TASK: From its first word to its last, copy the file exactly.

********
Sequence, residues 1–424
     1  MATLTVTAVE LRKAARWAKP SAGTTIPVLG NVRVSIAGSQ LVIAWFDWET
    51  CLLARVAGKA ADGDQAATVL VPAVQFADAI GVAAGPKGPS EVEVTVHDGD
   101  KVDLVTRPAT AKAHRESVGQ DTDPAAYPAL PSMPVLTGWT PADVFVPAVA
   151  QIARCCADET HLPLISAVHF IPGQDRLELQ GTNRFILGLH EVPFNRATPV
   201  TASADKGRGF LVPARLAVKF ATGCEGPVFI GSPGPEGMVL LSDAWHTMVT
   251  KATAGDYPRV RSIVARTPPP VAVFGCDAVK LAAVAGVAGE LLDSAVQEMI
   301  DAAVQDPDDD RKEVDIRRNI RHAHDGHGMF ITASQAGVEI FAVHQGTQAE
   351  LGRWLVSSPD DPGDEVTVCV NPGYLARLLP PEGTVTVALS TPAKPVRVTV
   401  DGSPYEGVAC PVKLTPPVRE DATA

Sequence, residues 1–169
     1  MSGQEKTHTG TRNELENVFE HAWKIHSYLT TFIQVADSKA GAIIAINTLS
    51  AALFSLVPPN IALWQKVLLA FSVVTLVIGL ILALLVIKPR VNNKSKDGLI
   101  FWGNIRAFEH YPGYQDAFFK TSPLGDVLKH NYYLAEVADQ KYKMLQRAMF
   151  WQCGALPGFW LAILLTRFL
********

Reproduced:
Sequence, residues 1–424
     1  MATLTVTAVE LRKAARWAKP SAGTTIPVLG NVRVSIAGSQ LVIAWFDWET
    51  CLLARVAGKA ADGDQAATVL VPAVQFADAI GVAAGPKGPS EVEVTVHDGD
   101  KVDLVTRPAT AKAHRESVGQ DTDPAAYPAL PSMPVLTGWT PADVFVPAVA
   151  QIARCCADET HLPLISAVHF IPGQDRLELQ GTNRFILGLH EVPFNRATPV
   201  TASADKGRGF LVPARLAVKF ATGCEGPVFI GSPGPEGMVL LSDAWHTMVT
   251  KATAGDYPRV RSIVARTPPP VAVFGCDAVK LAAVAGVAGE LLDSAVQEMI
   301  DAAVQDPDDD RKEVDIRRNI RHAHDGHGMF ITASQAGVEI FAVHQGTQAE
   351  LGRWLVSSPD DPGDEVTVCV NPGYLARLLP PEGTVTVALS TPAKPVRVTV
   401  DGSPYEGVAC PVKLTPPVRE DATA

Sequence, residues 1–169
     1  MSGQEKTHTG TRNELENVFE HAWKIHSYLT TFIQVADSKA GAIIAINTLS
    51  AALFSLVPPN IALWQKVLLA FSVVTLVIGL ILALLVIKPR VNNKSKDGLI
   101  FWGNIRAFEH YPGYQDAFFK TSPLGDVLKH NYYLAEVADQ KYKMLQRAMF
   151  WQCGALPGFW LAILLTRFL